Sporting a new fall look, Microsoft’s search engine Bing showed off an updated logo Tuesday night in New York as the company called attention to the relevance of design across various types of technology.
On an evening populated with luminaries from the fashion and home décor worlds, Microsoft hosted a chat about how websites and gadgets can increase their aesthetic appeal—and gave a glimpse of Bing’s makeover.
The panel talked about the way design sways how people approach the world, especially in technology. The discussions featured Michael Kroll, principal user experience manager for Bing; fashion designer Cesar Galindo; David Bromstad, host of interior design show “Color Splash” on HGTV; Ingrid Abramovitch, senior editor with ELLE Décor; and potter and designer Jonathan Adler. Scott Erickson, senior director of brand and creative with Microsoft, moderated.
Beyond revealing Bing’s sunny new logo, Microsoft played up the features it believes set the search engine apart. Simply put, the company seems to inject Bing everywhere it can. Bing is integrated into the Windows operating system, Microsoft Office, and Xbox consoles. “When you talk to Xbox and give it voice commands, that’s Bing technology behind the scenes,” Erickson said. That technology can also be found “under the hood” providing search results for Yahoo and Apple’s Siri, he said.
As Microsoft seeks to make Bing more pervasive, Kroll said the development team learns what users care about through real-time tests with a portion of the public, as well as work in research labs. “You see if they know where to look, if they know what to click on, if it makes sense to them or not,” he said. Learning how people outside the team interact with the site’s design helps avoid developing ideas as if in an insular bubble, Kroll said.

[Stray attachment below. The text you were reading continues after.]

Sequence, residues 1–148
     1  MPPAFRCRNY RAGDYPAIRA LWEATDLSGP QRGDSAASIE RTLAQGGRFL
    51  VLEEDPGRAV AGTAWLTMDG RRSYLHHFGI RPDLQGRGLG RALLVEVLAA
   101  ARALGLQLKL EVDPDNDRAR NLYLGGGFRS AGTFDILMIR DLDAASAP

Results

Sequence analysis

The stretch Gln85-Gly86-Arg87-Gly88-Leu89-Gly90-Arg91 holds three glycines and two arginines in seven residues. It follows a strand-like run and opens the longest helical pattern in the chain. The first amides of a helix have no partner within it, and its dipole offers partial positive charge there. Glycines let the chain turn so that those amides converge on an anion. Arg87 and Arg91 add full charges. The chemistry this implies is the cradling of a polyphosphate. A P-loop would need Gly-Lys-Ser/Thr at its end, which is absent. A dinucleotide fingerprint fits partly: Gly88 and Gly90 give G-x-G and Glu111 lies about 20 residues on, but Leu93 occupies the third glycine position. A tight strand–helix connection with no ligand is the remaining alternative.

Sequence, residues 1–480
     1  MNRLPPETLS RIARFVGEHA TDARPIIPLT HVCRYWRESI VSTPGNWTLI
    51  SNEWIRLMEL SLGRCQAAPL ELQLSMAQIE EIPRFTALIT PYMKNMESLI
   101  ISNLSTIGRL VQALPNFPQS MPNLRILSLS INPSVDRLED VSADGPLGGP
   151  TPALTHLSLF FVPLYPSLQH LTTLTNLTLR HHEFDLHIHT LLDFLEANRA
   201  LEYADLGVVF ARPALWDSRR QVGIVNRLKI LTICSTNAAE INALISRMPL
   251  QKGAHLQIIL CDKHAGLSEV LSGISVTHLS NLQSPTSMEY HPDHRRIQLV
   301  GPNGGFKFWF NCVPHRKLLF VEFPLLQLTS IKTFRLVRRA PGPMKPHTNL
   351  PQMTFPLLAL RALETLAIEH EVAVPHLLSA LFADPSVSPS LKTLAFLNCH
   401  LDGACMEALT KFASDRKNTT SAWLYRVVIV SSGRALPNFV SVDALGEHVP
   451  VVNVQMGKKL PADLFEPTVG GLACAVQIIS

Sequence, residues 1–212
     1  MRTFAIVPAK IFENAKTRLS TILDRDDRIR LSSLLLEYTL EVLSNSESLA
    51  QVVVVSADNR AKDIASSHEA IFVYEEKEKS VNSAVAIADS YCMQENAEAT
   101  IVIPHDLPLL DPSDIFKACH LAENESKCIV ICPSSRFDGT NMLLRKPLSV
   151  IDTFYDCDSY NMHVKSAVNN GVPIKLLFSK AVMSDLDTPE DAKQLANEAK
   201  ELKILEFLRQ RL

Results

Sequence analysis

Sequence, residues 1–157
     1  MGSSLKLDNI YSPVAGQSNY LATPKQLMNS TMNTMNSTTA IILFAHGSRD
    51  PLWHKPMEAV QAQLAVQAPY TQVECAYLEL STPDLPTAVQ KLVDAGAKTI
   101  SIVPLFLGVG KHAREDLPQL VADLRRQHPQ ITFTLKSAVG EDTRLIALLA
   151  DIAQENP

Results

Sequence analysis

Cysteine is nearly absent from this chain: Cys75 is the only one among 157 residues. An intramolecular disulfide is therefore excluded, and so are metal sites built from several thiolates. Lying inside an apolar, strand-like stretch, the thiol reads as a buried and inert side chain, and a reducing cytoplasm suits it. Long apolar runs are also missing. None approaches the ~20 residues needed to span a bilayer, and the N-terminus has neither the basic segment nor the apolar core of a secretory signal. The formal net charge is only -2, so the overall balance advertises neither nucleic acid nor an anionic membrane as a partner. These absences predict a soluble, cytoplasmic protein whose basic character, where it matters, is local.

Engineers may be experts at gearing up the mechanics behind Web pages, but paying attention to the way design affects technology is getting special attention from Microsoft. “Our goal is to make it easy for people to understand what they’re looking at,” Kroll said. For Bing, the new design needed to be unobtrusive and draw out information in effective ways, he said. The influence of trends, he said, can also reveal how people use technology, including search engines.
“Trends really are the driving force of every creative business,” said Galindo, pointing to the desire among many consumers for products with quick, timely appeal. Technology such as smartphones has also made its mark on what trends move the design world, he said, allowing consumers to share immediate opinions on new items. “The [fashion] business has changed for us,” Galindo said. “There’s a lot more awareness of what people want.” In the past, designers might show their collections but not know the public’s reaction until products got to the retail floor—sometimes six months later. “Now it’s instantaneous,” he said. “Everyone’s favorite accessory is the asexual phone.”
The pursuit of style and flair, though, needs a touch of temperance, said Bromstad, who compared trends to candy: “You love to eat them, but you don’t want to have it as your daily consumption of food because otherwise you’re just going to get sick of it.” Design can become boring, he said, without trends to inspire new directions.
Increased attention to elegance in form, alongside function, has helped technology find more complementary roles in people’s lives, Bromstad said. “We used to design huge rooms around TVs that stuck out four feet,” he said. “Now TVs can be [like] picture frames that have a piece of art when it’s not playing something.” Such improved visual appeal makes it easier for designers to work with technology, he said.
By making gadgets with a slimmer, trimmer, and much lighter footprint, Abramovitch said, incorporating devices into homes can be much less disruptive. “You had to rip out your walls and change all the wiring when adding new state-of-the-art technology for a while,” she said. “I’m waiting for a totally wireless TV.”
Even thermostats for the home have taken on sleeker looks, she said, thanks in part to Tony Fadell, former senior vice president at Apple who was on the team that developed early versions of the iPod and iPhone. Fadell’s Nest thermostats, which can be controlled by smartphones, learn the temperatures that suit users in addition to having a chic appearance. “It’s the tip of the iceberg of what we’re going to see in the home,” Abramovitch said.
Adler said technology has also made his work easier, giving him ways to collaborate with others or search for inspiration. “Back in the day when I wanted to research an artist, I would shut down the studio, go to the public library, and spend half a day,” he said. “Now I go to Bing Images and I can just go to the Web.”
João-Pierre S. Ruth is the editor of Xconomy New York. He can be reached at firstname.lastname@example.org and followed on Twitter @jpruth.